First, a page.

G. T. L. Rev. wrote:paulinaporizkova wrote:You should consider that "current" outlook will likely not be the same as "future" outlook, especially in a time of uncertainty like the one we're in now. It's a bad time to be graduating from LS RIGHT NOW. Will it be in 2-3 years when you graduate? No one really knows, but chances are things will improve a bit since they already have been improving since the initial crash. How much will they improve? Once again, no one knows. But things will likely be better. Oh, and I'm a 0L, so take it FWIW.
You don't get it, do you? The short-term outlook might improve, or it might get a lot worse, but that's not what really matters. The long(er) term outlook for freshly minted law grads is unquestionably bad, and getting worse. This is a structural matter, and no amount of economic growth can change it. Law firms are getting leaner, clients are demanding more cost-efficiency, and refusing to pay for first year associate work. So lots of discovery jobs and other intro-level stuff is going overseas, or to commoditized law practices. At the same time, the price of a legal education is growing considerably faster than inflation or salaries. Debt loads are getting more oppressive, and interest rates remain high (and may go much higher still--hopefully not, of course). The overall supply of law grades is also rising, thus aggravating the supply/demand mismatch in the law labor market.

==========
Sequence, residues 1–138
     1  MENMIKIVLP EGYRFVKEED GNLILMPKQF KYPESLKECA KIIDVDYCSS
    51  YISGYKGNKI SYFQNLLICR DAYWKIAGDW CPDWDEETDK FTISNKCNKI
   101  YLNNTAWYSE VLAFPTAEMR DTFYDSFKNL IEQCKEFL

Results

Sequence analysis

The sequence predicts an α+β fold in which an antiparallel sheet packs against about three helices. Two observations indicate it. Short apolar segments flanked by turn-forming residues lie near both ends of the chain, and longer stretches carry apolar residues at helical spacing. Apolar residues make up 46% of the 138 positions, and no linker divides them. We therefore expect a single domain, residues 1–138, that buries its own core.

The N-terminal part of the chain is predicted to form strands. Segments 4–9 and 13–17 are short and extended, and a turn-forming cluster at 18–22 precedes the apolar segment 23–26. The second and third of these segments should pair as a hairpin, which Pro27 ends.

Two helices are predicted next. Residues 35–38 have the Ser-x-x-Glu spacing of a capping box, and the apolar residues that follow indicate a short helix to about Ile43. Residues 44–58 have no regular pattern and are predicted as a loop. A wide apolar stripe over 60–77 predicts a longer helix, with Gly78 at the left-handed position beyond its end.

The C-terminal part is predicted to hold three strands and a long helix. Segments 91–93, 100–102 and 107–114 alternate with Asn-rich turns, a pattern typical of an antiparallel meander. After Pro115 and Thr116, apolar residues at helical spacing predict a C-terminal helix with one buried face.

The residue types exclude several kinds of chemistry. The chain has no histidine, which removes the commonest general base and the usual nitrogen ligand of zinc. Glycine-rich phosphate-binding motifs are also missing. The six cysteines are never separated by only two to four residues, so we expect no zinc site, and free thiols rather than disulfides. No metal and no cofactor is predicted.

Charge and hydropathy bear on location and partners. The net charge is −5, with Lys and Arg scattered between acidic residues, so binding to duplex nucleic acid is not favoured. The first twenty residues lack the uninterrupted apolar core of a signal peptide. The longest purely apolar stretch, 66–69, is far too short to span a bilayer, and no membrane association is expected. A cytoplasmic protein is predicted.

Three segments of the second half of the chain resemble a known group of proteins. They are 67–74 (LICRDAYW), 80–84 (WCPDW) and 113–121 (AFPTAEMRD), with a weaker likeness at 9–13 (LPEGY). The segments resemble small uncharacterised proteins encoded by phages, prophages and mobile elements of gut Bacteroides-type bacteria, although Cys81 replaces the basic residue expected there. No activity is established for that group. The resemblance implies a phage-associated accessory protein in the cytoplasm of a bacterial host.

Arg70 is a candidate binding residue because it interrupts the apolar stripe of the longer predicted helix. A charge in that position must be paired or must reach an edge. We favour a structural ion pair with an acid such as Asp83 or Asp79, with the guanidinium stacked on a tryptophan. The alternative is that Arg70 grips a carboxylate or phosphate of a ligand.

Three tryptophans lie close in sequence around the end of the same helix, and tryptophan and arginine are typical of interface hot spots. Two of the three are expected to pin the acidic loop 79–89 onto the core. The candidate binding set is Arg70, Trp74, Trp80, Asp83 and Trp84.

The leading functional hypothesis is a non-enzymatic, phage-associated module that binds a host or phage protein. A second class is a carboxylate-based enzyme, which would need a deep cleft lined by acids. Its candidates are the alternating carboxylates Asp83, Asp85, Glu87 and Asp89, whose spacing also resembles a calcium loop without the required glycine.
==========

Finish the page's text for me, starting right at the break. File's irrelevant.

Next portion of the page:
I could go on, but won't. The problems with the law economy are substantial, and go well beyond the way the economy is right now. Will an uptick in the general economy help legal hiring? Yes. But it won't solve any of the above, and those things are the real dangers.
Also, Rev, do you just come here to laugh at the poor 0L's who will almost certainly be fucked over in the end? Obviously, your law degree worked out for you. Why do you come around and say the chances of it working out for anyone else are morbidly slim?